Low reps are usually categorized as reps in the 1-5 range. It is often said that low reps will stimulate fast twitch muscle fibers while high reps stimulate the slow twitch muscle fibers. This is yet another false fact about rep ranges. The truth is that low reps will stimulate ALL muscle fibers from slow to intermediate to fast and everything in between.
The body calls fibers into play on an as needed basis in order from slow to intermediate to fast. When a load is placed on a muscle, the slow twitch fibers will be recruited first. If the slow twitch fibers cannot generate enough force to lift the weight then the body will call the intermediate fibers into action.
If the slow and intermediate fibers cannot handle the weight or tire out then the fast twitch fibers will finally be recruited. When fibers are recruited they are never recruited half way or partially. When a fiber contracts, it will contract maximally (Saladin, 2007), so this means when you lift a heavy load you will fully stimulate slow and intermediate muscle fibers.
Low reps are also effective for stimulating myofibrillar hypertrophy. Myofibrillar hypertrophy is an increase in the number and size of the actin and myosin filaments within muscle tissue. This type of hypertrophy is accompanied by strength gains since it involves an increase in the contractile tissue (Zatsiorsky, 2006). This is important because progressive overload is one of the primary necessities for continued long term growth. So you can see that very heavy weight for low reps is vitally important for maximum growth.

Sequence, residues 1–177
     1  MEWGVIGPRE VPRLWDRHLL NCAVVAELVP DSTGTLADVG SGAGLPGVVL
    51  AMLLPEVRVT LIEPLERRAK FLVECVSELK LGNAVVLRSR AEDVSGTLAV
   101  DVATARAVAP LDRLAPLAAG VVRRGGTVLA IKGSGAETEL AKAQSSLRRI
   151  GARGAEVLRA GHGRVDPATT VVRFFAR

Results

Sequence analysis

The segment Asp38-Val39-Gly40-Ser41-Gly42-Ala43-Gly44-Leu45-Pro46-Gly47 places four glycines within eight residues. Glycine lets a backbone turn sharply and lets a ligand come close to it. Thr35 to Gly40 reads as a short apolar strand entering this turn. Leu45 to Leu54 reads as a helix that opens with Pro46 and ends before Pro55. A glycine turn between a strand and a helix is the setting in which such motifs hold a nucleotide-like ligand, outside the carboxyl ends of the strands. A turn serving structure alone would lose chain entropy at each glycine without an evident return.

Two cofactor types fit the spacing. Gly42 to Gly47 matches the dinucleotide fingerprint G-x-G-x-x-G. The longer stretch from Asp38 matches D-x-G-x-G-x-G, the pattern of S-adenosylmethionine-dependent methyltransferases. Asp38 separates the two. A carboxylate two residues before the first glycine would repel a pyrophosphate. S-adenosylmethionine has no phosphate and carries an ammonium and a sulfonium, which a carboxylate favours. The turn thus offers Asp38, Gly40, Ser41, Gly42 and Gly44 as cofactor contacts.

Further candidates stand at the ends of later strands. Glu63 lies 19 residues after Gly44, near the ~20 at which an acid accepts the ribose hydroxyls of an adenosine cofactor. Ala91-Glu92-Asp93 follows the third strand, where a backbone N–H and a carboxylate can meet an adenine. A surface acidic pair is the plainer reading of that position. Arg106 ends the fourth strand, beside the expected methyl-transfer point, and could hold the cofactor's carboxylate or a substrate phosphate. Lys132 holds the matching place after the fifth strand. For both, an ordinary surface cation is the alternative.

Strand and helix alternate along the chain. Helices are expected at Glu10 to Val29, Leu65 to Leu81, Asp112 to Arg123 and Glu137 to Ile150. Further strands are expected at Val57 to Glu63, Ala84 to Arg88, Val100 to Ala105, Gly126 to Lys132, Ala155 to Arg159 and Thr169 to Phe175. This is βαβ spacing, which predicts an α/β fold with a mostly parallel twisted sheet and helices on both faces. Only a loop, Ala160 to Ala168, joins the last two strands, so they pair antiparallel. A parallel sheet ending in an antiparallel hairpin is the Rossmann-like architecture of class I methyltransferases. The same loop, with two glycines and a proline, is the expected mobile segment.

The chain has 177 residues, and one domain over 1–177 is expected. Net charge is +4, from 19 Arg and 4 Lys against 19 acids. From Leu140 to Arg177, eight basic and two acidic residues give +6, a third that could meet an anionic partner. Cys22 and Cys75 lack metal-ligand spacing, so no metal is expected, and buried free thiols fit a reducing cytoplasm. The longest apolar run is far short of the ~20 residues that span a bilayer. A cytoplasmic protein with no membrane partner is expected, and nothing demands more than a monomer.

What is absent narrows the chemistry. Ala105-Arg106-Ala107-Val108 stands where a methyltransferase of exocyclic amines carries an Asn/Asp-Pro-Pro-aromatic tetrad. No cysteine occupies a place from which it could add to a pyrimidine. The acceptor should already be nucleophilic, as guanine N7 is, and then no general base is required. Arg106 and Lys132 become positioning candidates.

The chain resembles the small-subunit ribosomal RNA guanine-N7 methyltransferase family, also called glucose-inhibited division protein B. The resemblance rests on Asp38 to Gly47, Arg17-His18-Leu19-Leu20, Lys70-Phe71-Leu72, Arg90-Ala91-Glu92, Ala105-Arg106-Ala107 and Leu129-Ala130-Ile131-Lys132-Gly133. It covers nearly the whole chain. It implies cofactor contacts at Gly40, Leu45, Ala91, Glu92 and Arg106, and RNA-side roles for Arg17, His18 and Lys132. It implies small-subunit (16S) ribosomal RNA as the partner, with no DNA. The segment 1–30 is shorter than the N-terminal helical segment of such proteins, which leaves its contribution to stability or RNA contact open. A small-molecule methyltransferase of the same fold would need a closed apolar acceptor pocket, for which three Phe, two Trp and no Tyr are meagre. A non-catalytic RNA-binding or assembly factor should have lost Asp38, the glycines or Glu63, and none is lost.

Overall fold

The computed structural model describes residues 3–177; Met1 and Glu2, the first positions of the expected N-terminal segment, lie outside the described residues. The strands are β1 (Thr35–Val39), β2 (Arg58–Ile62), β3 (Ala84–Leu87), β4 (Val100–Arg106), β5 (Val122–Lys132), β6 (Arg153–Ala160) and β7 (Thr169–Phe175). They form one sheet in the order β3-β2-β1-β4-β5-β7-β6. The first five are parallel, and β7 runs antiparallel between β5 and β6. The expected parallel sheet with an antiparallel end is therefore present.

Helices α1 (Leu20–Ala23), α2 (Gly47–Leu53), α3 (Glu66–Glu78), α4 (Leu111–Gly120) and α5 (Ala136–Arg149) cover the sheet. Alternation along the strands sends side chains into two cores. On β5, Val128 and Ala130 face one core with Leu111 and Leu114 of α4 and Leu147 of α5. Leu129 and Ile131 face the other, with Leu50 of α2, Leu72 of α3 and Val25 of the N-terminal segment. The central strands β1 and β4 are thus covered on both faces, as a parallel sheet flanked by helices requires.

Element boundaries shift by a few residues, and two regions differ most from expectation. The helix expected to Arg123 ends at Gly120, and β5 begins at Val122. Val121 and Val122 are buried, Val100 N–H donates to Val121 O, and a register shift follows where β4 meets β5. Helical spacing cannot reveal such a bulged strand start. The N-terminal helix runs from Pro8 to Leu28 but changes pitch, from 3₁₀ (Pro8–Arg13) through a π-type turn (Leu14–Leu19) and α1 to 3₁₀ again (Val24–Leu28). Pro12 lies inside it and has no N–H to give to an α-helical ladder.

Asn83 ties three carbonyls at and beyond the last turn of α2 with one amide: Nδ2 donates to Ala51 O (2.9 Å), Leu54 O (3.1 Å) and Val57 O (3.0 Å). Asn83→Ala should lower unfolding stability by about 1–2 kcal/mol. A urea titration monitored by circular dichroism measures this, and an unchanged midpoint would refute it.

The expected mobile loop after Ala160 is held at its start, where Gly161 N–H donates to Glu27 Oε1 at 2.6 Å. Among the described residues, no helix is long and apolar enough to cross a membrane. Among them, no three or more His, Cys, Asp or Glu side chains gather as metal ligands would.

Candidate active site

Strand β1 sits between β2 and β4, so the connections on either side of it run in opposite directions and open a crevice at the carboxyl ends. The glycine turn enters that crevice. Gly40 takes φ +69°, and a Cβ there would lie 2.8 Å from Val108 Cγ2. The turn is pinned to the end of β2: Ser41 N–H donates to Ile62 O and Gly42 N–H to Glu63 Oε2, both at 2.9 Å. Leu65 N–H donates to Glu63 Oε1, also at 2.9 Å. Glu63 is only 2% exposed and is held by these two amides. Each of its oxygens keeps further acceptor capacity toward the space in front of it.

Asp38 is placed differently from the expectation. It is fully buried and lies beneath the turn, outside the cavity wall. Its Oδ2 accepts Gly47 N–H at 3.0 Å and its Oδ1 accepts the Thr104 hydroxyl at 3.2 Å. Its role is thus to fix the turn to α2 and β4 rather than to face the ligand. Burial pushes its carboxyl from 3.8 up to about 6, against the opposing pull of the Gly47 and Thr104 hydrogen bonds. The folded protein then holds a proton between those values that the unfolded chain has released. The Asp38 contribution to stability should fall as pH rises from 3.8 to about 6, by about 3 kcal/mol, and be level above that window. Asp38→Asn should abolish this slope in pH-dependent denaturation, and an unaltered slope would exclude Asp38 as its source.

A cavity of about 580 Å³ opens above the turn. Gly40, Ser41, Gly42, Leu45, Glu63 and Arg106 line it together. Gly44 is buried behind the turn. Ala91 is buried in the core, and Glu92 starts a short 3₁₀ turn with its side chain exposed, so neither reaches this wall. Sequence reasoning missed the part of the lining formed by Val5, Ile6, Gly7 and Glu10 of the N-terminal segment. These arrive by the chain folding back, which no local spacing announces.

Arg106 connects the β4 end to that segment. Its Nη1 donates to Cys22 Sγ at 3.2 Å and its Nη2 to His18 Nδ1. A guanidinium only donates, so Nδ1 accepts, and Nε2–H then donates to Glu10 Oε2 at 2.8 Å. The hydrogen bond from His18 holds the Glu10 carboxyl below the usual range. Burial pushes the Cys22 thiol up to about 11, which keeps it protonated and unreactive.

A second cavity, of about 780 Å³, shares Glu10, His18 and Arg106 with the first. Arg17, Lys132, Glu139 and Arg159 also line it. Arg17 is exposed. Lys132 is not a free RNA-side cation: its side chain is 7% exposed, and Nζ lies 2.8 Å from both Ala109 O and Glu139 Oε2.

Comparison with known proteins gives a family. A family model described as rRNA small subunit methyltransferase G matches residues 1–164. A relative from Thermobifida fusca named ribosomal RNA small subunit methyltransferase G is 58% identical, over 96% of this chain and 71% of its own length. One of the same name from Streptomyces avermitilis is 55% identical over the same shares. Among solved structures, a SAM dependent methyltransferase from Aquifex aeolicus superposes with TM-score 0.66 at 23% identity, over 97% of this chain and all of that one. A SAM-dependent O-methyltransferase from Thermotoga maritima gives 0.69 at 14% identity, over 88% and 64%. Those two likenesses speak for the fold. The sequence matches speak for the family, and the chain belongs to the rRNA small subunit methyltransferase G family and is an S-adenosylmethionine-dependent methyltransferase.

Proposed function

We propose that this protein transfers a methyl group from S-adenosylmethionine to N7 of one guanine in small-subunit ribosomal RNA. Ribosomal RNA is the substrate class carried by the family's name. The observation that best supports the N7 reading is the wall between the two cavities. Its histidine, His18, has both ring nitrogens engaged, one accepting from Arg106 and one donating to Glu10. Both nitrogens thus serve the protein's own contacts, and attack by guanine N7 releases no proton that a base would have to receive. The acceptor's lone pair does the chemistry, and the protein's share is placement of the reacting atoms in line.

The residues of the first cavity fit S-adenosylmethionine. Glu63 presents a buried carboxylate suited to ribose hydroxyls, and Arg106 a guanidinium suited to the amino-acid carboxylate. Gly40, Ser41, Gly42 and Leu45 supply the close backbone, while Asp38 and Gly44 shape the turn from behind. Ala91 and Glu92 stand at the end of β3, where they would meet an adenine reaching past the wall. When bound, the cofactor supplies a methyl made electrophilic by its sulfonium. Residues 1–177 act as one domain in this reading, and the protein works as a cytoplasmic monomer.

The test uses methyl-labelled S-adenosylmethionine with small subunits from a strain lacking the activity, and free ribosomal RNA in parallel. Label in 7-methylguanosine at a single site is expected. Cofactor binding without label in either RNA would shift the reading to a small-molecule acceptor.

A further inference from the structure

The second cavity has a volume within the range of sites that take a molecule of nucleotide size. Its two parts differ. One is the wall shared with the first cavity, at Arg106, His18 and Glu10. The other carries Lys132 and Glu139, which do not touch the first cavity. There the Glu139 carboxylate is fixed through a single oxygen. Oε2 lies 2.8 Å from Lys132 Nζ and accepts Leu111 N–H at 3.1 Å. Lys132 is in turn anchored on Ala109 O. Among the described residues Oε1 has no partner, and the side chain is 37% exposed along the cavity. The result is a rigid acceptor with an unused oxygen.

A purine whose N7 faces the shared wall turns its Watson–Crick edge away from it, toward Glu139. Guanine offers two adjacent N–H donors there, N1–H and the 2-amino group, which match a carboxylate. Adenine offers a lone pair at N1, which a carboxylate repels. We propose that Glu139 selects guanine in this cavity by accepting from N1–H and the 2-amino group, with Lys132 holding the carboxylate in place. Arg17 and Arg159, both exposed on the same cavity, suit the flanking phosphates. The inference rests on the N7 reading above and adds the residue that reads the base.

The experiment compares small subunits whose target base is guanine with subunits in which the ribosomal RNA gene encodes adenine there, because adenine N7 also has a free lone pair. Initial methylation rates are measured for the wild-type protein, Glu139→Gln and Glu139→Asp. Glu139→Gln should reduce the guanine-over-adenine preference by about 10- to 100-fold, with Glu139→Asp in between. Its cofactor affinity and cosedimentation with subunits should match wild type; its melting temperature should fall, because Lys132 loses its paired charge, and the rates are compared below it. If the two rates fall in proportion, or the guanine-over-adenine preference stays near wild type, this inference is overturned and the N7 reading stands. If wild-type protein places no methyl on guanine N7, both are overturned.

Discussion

This rep range is typically defined as the 6-12 rep range. Moderate rep ranges have consistently been proven in study after study to lead to the greatest amount of growth. The reason that this rep range is so effective for building muscle is because it does a little bit a everything.
This means that it provides many of the benefits of low rep training combined with the benefits high rep training by allowing for relatively heavy loads to be used while increasing time under tension. The heavy loads allow for myofibrillar protein synthesis to take place which, as discussed, will increase the size of the contractile proteins. The increased time under tension will stimulate sarcoplasmic hypertrophy.
Sarcoplasmic hypertrophy is an increase of the sarcoplasm and other non-contractile proteins within muscle cells and is primarily induced by lifting light loads for higher reps. This type of growth, although not typically accompanied by any strength gains, is the primary reason why bodybuilders tend to be more muscular than strength and power athletes.
Moderate rep training also induces an excellent muscle pump. While the pump is often thought of as a short-term training effect, it may possibly result in greater growth. Studies show that cellular swelling causes both an increase in protein synthesis and a decrease in protein breakdown (Grant et al., 2000; Stoll et al., 1992; Millar et al., 1997).
So while low reps with heavy weight is best at stimulating myofibrillar hypertrophy, and high reps with light weight is best at stimulating sarcoplasmic hypertrophy, moderate reps seem to strike a balance between inducing significant amounts of both myofibrillar and sarcoplasmic hypertrophy. The proven track record of the moderate rep range makes it so that it cannot be ignored in your training routine.